STF - A Distributed Object Store

My employer decided to opensource one of their internal tools: STF. STF is a distributed object store, much like MogileFS. The main difference is that STF uses HTTP (as opposed to a custom protocol) as its main protocol, uses components such as Apache/nginx, MySQL, memcached, Q4M/TheSchwartz. It's also new and therefore natively speaks PSGI internally, so you can use all your PSGI aware goodies. We also have an proof of concept setup to deploy STF on dotCloud platform.

Livedoor serves about 300 million objects (which means about 1.4 billion physical entities) using commodity hardware, running Apache 2.2 (+mod_reproxy), Memcached, MySQL 5.1, Q4M. Dispatchers are deployed on Plack + Starlet. We're also wrapping the application processes with Server::Starter for zero-downtime deployment (that means I can deploy to these heavily bombarded servers pretty much any time I want!)

STF can survive backend storage servers outages gracefully. If one storage fails, you can simply flip a flag in the database to stop access to it. Meanwhile you can rebuild it and replace it back with another server. Adding a node is just inserting another row in the database, and we're back in business.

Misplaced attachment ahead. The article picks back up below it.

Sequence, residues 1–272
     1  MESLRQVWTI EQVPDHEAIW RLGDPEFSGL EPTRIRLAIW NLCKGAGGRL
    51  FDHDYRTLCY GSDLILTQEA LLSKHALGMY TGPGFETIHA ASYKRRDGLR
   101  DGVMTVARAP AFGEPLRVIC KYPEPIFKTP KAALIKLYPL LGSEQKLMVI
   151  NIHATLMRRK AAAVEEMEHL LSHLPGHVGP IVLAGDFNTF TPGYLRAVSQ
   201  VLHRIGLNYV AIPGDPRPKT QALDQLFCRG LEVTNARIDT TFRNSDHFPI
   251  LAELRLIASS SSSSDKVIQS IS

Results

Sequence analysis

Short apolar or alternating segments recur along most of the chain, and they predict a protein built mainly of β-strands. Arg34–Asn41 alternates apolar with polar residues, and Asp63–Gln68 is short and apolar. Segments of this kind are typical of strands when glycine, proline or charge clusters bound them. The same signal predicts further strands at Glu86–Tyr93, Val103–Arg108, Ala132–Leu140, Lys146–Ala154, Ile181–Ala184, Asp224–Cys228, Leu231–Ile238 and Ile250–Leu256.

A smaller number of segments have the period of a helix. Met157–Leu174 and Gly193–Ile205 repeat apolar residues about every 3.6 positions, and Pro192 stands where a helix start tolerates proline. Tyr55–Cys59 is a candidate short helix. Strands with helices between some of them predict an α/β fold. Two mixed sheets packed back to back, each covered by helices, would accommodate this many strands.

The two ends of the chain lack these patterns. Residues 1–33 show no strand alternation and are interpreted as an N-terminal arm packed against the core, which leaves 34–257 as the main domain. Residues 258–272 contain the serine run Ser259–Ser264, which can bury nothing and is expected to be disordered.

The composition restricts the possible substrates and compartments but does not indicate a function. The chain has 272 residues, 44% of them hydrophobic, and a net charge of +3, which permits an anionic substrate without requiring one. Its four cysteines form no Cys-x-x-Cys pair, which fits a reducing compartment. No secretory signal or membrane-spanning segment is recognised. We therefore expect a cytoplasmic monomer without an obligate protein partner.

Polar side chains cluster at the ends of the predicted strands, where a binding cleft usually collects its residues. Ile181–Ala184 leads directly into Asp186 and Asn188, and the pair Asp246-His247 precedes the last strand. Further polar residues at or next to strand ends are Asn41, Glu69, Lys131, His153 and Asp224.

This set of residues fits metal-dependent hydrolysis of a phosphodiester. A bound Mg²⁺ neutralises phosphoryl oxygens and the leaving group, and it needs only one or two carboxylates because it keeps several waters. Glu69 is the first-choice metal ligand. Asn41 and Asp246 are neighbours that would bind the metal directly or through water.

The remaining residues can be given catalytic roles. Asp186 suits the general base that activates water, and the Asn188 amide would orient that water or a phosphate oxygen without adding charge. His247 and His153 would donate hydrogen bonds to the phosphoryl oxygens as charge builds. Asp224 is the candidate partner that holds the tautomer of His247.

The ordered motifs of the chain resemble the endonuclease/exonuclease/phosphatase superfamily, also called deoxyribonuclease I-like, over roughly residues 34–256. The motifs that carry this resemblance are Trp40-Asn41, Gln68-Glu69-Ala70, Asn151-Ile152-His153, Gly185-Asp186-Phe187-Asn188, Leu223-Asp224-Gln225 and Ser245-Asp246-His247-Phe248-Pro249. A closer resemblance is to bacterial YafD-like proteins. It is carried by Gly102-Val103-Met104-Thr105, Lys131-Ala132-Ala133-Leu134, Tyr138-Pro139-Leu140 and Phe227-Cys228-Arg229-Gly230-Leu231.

I was initially replacing another application, and then I realized that the old code used DAV to store some data. Wait, DAV? How was I going to test DAV (and I wasn't going to put up a new DAV server just for this) -- then the original author of STF told me: "Use STF!". Well, I did, but it turned out to be an Apache module written in C. Ugh, same problem here... but by this time STF had been accepted as a defacto data storage within in the company, so it was better to lean over to using STF then.

Well, my initial problem was still there: "How am I going to test this?" So I started porting it to Perl. It took me a good two weeks to get a rough version out, and a total of two months until I was able to deploy one setup for our (internally) shared STF deployment. That was back in beginning of June. Since then we have replaced the image storage for one of the largest blog services in Japan, our photo sharing service, our geo-social service, among others.

Remember, the old code was in C, but we're scaling without any problems with this Perl setup.

Interested? Please checkout our repos. Please check it out and perhaps try it in your system. Let me know!

4 Comments

Hi Is there any special reason to use Class::Accessor::Lite?

In my own test, Mouse vs Class::Accessor::Lite

  • Object creation
    666666.67/s : 714285.71/s
  • Accessor
    5000000.00/s : 2000000.00/s
  • Memory usage(100000 Object)
    17312KB : 16004KB

Mouse is more faster at accessor and not so much behind on object creation or memory efficiency.

I remember seeing this post published a couple of weeks ago, then it quickly vanished. Any insider scoop? :)

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About lestrrat

user-pic Japan Perl Association director; Livedoor, Inc; Tokyo, Japan